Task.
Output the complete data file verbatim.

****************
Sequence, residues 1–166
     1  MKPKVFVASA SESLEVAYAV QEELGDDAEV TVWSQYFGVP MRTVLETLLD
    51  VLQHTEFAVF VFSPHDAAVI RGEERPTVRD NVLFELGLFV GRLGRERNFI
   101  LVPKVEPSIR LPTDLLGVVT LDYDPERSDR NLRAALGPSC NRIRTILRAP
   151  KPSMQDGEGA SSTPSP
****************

Sequence, residues 1–166
     1  MKPKVFVASA SESLEVAYAV QEELGDDAEV TVWSQYFGVP MRTVLETLLD
    51  VLQHTEFAVF VFSPHDAAVI RGEERPTVRD NVLFELGLFV GRLGRERNFI
   101  LVPKVEPSIR LPTDLLGVVT LDYDPERSDR NLRAALGPSC NRIRTILRAP
   151  KPSMQDGEGA SSTPSP